The two fatal work accidents in the space of 24 hours this week should sound the alarm to everyone – unions, employers’ organisations, and the authorities. These accidents took the number of work-related deaths to 16 this year, double those recorded in 2018, which were high compared to previous years. This year could be dismissed as just a one-off, but it would be a mistake because there has been an upward trend in the last couple of years which needs to be addressed.
The unions wasted little time blaming employers, whose “criminal negligence and irresponsibility were causing the deaths of their workers.” They were “putting profit above life,” said one union, attributing the lack of work safety to cost-cutting by employers. Meanwhile, an official at the ministry’s labour inspection service said one of the accidents could have been avoided if the necessary safety measures were taken.
Unions also put some blame on the ministry’s labour inspection service which had not done enough to make workplaces safer, but they also conceded that this was because it was understaffed. There were not enough officials to carry out inspections and ensure that employers were complying with safety regulations, it was added. In short, the unions had ruled that employers and the state authorities were to blame for the increase in workplace deaths.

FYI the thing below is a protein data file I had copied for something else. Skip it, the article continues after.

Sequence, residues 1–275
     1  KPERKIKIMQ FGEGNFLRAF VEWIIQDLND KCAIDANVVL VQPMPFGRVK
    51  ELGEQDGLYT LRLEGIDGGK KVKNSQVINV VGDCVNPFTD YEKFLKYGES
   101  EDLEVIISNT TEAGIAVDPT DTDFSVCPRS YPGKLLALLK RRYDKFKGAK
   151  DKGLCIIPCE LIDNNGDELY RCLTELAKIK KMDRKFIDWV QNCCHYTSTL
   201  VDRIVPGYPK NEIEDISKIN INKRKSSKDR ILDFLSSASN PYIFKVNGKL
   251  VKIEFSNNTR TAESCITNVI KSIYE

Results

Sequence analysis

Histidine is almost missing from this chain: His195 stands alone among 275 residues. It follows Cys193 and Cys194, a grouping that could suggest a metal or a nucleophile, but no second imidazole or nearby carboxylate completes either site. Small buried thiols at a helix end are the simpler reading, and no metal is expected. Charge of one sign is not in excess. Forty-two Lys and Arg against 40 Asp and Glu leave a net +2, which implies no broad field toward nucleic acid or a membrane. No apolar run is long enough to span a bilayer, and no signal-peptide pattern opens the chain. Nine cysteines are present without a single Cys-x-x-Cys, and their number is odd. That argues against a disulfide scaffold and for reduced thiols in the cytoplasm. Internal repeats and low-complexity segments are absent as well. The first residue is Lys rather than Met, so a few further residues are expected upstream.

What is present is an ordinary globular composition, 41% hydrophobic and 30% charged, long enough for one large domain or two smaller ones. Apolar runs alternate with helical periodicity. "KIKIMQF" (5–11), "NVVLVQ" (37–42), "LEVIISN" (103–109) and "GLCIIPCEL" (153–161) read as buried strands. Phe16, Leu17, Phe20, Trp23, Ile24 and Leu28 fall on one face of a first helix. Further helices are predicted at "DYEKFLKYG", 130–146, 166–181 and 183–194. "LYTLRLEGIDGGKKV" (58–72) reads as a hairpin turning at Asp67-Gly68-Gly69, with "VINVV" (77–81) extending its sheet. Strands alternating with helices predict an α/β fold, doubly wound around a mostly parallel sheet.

Broadly speaking, this is correct, but do unions not also have some responsibility for poor safety standards at certain workplaces? When union bosses are negotiating agreements with employers, how many raise the issue of workers’ safety and insist on specific work and safety procedures are adhered to? This only seems to be the case in the public sector, where safety rules are an excuse for overstaffing.
Rather than engaging in the blame game with each other, the parties – unions, employers’ groups and the labour ministry – should sit together and decide how to make workplaces safer. First of all, they should cultivate the ‘work-safety’ mentality which has never existed. How many workers wear helmets on the construction site, for instance? These may be available but workers cannot be bothered to wear them, just like motorcyclists who never wear a crash helmet. There is a general disregard for safety, which is endemic.
Attitudes must change – a union proposal, making safety training obligatory for newly hired staff is a good idea as it will eventually instill a safety culture – inspections must be stepped up and heavier fines imposed on employers that do not comply with regulations. Everyone’s objective should be making the workplace safe for all.